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We can see up to four or five shooting stars an hour

The first major meteorite of the year, Lyrids, is April 14-30. Active, most meteors can be seen on the 21st and 22nd days. An unwanted meteor swarm formed from the debris from Comet Thatcher. The comet was discovered by astronomer AE Thatcher in the second half of the 19th century. However, Chinese astronomers have recorded Lyrians as early as 687.

The first major meteorite of the year, Lyrids, is April 14-30. Active, most meteors can be seen on the 21st and 22nd days. During those two days, seven to eight meteor stars may reach per hour from the direction of the constellation Lant (Lyra), which is called the Swarm. Lyrida Shooting stars are medium speed and may have brighter fireballs – It can be read in the National Geographic article.

Unfortunately, at the height of a meteor swarm, moonlight will be very strong as well, with 67 percent of the lighting significantly impairing the experience, so it’s good to see four to five meteors an hour.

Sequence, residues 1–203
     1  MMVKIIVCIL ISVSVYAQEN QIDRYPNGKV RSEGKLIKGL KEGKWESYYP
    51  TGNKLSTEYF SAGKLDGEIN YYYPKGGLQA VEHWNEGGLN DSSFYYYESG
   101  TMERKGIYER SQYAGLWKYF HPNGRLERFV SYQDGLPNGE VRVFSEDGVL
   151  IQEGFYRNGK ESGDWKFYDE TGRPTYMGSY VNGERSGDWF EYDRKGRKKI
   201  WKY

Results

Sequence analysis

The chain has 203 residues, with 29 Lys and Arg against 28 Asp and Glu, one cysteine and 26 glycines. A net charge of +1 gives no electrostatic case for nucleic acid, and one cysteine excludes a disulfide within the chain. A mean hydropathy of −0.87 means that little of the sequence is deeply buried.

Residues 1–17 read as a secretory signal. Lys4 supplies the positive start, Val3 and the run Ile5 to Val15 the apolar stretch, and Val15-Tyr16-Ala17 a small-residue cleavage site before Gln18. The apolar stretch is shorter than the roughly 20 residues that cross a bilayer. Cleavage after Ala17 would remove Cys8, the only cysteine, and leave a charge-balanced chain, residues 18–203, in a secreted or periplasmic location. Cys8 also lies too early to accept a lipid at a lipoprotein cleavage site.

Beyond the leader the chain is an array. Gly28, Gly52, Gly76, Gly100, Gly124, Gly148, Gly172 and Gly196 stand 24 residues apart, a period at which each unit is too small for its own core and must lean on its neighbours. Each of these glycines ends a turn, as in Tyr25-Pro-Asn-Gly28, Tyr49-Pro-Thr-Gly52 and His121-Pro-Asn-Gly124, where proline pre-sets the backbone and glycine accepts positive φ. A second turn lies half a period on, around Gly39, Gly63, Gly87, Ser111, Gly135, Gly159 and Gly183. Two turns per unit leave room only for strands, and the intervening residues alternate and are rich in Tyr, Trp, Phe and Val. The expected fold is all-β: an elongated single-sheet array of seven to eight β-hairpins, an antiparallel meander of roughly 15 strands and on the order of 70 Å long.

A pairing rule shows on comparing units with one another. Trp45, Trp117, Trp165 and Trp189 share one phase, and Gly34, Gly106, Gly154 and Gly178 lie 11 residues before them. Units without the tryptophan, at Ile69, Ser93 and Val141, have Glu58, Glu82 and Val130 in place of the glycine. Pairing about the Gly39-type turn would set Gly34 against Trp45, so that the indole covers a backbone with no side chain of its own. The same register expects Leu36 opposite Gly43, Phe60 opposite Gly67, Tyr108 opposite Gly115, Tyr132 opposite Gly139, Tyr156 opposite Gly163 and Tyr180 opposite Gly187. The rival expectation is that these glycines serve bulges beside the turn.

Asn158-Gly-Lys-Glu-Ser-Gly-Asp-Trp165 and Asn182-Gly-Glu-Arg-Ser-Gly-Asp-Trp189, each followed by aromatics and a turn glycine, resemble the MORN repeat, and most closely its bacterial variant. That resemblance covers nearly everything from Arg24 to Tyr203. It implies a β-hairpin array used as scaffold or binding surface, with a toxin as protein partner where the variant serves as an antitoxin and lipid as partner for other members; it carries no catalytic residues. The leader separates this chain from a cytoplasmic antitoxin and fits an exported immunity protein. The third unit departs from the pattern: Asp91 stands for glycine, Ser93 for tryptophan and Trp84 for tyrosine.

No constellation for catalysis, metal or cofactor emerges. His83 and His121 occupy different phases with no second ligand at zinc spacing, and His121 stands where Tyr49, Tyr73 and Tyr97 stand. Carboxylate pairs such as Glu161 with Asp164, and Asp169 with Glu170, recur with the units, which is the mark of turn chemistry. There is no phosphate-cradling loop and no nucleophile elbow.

But how do meteorites and meteor swarms form? When a comet arrives near the sun, the ice in it and the dust frozen in it are heated in the void of space and released during the change of state – from solid to vapor. Dust particles, that is, meteorites, rotate near the parent’s celestial body. These discarded clouds of material are called meteor swarms.

Lyrid meteor swarm in 2020 (Photo: Time Picture / Máté Bokodi)

An unwanted meteor swarm formed from the debris from Comet Thatcher. The comet was discovered by astronomer AE Thatcher in the second half of the 19th century. However

Chinese astronomers have recorded Lyrians as early as 687.

The meteorites spread along the orbit over time. However, the periodic comet throws another dense cloud off of itself every time it is close to the sun. Hence, a meteor swarm is a collection of very complex clouds of matter.

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Sure, the number of all known meteor swarms is over three hundred, but on an annual basis we can only enjoy 55 meteorite swarms, the most famous of which are Perseids, Lions, Quarters and Lerians.

Cover photo illustration.